An alarm on my tent-mate’s phone buzzes and we stir in our cozy sleeping bags. “I’ll start the coffee if you pack the tent,” one of them says, and the other nods. We warm up gradually as we shuffle through our morning tasks at the Seneca Rocks Mountain Guides basecamp – getting dressed (probably in the same clothes as yesterday), double checking our backpacks for sunscreen and belay devices, filling our water bottles and scarfing some oatmeal in the open-air kitchen, before finally meeting our two instructors and other classmates on the deck to check ropes and stretch. Across the road and beyond the trees, the contours of Seneca Rocks are unmistakable, starkly outlined against the pale morning sky. The familiar sandstone summits are beautiful no matter the weather, and my phone is cluttered with images of it gleaming in sunlight, accompanied by fluffy clouds, and partially obscured by fog. I drain my coffee mug, shoulder my backpack, and smile. The side of a mountain may not resemble any other classroom, but for my fellow ASI classmates and me, it’s just another school day. My classmates and I will start our day by crossing the river and hiking a rugged jeep road, before turning off and making our way up a grueling
approach of knee-high stone steps, affectionately called (and sometimes not so affectionately) the “thigh master.” Our day will primarily consist of multi-pitch climbing, tying knots, cleaning pro gear behind our instructors, and continuously calling “on belay!” At the end of the day, we’ll come back down to the kitchen deck to organize our gear once again and compare bruises before cooking dinner together. Just another typical school day, right?
I first learned about Garrett College and the Adventure Sports Institute (ASI) from an article about outdoor schools in Blue Ridge Outdoors. Though much smaller than a typical institution (Garrett has about 800 students, and the ASI has between 30 and 40), the two-year program provides all the necessary skill courses and certifications for a career in the outdoor industry, and culminates in an associate’s degree which can be completed at several nearby universities – specifically Frostburg and West Virginia University. Favorably situated near Deep Creek, Maryland, ASI students can learn many of their outdoor skills within a few hours’ drive of campus at beautiful locations including Coopers Rocks State Forest, the Youghiogheny River, Big Bear Lake, White Grass ski area, Herrington Manor State Park, and of course, Seneca Rocks. The program provides all the necessary equipment, and certification fees are included in the semester’s course cost.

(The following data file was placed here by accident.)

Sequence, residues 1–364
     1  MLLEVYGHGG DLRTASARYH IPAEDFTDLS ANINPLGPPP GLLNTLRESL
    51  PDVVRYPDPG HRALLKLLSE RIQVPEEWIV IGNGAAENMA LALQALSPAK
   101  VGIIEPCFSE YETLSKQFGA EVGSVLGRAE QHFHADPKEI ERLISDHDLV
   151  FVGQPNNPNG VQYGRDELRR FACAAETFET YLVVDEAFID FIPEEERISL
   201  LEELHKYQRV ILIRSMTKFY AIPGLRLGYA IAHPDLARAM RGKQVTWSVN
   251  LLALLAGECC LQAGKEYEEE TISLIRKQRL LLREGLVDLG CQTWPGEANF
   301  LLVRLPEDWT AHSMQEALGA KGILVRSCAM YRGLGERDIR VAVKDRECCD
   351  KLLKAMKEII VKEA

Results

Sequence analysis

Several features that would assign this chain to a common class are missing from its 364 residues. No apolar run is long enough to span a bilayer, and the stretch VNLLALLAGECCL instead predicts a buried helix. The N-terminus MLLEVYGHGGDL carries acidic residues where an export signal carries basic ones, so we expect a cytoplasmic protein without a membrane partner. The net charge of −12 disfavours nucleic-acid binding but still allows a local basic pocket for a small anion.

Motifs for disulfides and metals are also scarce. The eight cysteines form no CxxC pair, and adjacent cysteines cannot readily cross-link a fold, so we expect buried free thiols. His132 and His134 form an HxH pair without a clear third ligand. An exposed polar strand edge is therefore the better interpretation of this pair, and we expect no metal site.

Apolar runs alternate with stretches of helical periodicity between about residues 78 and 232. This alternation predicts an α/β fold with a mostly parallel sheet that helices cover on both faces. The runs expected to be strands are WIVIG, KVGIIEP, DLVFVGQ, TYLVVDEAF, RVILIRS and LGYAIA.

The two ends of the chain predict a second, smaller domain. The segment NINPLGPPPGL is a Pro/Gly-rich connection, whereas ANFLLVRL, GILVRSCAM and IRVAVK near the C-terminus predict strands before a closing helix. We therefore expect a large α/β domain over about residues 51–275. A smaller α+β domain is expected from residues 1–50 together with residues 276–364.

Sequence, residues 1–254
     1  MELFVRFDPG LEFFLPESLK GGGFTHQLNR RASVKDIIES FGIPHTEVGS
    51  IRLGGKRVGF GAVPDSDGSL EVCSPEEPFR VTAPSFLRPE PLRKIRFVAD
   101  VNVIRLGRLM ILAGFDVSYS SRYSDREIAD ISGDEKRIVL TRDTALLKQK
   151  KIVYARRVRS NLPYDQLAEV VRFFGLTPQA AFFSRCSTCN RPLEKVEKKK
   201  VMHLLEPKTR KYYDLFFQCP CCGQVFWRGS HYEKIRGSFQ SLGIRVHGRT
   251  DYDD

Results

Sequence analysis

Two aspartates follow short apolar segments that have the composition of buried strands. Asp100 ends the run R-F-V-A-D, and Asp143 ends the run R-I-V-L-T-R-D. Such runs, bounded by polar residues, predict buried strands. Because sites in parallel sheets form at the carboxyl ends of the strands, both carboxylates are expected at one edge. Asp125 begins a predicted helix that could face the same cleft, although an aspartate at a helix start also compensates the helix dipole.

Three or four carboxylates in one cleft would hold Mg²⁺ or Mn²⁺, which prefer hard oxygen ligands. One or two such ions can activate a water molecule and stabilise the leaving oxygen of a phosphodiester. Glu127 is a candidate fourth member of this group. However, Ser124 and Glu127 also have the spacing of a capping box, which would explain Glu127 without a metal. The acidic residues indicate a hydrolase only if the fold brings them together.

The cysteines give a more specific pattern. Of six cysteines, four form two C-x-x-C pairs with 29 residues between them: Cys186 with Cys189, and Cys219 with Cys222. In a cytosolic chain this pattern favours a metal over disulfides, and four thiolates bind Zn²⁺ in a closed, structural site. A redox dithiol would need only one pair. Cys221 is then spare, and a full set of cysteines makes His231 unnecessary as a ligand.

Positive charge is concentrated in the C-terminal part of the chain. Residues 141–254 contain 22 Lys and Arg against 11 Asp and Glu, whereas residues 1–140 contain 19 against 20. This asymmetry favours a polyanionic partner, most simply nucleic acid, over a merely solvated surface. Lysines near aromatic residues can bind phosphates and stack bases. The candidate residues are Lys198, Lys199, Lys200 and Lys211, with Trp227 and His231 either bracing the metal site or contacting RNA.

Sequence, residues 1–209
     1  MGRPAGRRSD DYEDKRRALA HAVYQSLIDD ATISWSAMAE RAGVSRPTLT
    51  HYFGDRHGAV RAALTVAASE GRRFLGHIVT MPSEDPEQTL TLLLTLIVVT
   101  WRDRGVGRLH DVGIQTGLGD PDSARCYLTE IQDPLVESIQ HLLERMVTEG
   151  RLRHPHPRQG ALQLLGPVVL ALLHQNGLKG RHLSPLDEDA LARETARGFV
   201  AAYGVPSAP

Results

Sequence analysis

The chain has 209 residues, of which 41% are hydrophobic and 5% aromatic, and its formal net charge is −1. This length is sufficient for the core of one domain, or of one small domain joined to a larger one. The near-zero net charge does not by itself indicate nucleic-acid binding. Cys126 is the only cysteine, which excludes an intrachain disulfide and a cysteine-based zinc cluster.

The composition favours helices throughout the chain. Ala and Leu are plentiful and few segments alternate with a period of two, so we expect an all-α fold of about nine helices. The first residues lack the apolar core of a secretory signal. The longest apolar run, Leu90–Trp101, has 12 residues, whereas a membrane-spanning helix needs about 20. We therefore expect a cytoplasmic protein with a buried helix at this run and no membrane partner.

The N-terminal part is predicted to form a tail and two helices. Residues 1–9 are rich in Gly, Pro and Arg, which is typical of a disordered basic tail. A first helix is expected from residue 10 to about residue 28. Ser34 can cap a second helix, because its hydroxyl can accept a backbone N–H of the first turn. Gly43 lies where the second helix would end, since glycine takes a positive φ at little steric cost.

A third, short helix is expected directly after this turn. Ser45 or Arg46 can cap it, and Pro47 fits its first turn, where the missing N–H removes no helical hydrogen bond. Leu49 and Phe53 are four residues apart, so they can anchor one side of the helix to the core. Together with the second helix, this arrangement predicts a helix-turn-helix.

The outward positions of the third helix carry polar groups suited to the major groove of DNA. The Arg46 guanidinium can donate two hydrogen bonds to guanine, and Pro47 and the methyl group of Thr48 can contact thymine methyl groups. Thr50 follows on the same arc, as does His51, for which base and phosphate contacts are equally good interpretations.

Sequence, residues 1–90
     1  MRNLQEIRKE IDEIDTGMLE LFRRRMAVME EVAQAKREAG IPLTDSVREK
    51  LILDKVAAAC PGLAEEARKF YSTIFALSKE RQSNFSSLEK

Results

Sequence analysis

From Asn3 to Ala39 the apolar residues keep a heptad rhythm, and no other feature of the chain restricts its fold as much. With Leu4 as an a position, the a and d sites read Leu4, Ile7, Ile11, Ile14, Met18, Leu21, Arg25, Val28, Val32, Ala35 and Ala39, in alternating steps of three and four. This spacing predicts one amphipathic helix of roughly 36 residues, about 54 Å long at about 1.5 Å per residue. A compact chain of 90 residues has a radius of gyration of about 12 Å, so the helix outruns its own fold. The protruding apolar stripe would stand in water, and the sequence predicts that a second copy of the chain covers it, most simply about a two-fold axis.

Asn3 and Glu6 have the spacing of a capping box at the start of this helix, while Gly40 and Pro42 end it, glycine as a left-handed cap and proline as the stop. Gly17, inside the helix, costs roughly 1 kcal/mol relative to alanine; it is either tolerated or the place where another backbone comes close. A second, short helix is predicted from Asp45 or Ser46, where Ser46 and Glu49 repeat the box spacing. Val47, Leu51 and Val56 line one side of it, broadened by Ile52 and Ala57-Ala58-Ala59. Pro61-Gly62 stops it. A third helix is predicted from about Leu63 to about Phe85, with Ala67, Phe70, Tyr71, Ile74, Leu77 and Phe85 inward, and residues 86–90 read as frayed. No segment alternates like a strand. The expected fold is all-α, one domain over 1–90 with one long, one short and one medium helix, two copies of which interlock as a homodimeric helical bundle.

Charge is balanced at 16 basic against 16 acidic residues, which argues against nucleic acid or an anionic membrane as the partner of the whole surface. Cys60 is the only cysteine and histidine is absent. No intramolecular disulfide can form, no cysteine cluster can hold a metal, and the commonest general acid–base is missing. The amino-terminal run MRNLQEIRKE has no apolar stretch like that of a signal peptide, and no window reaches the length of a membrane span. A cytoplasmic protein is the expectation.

After taking two years off from school and working at three youth camps, the prospect of earning a degree early and spending more class time outdoors than in was extremely attractive. I come from a fairly adventurous and active family, and could easily see myself entering a future career in the outdoor industry. I visited the Institute and was immediately smitten with their well-stocked equipment center (beautiful bikes everywhere!) and enthusiastic faculty. Within two semesters at the ASI, I donned cross country skis for the first time, performed litter-lowers on the face of Seneca, sketched myself out on the Via Feratta, managed to keep up during mountain biking class, rafted class three rapids at the Adventure Sports Center International (ASCI), and earned my Wilderness First Responder certification after eight days of scenarios in temperatures under 15°F (I can’t feel my fingers, but I can splint a fractured femur with a small sapling). My spring semester culminated in a four-day backpacking trip as part of a Leave No Trace Master Educator course in the Canaan wilderness of West Virginia. We braved three days of constant rain and trails flooded with shin-deep water, but those few days in the woods with my friends were probably my favorite from that whole semester.
After an experience on a camp challenge course helped end my childhood anxiety, I became intensely aware of the life-changing power of outdoor and experiential education. However, I never expected I would go to a real outdoor school with real outdoor people. I never guessed that I could spend a few semesters climbing rocks and riding a bike through mud puddles, and then get a degree for it. But of course it’s more than that. I’m learning how to lead people safely in the outdoors and share with them why adventures are so important and life-changing. I’m building relationships and community with students who share my passion of the outdoors, sustainability, and defying the unemployed dirt bag stereotype. I’m learning to trust my instructors and my equipment and, perhaps most importantly, my own skills. If all goes according to my plans and hopes, maybe dangling from a cliff won’t be just another school day – it will be just another work day. Rock on!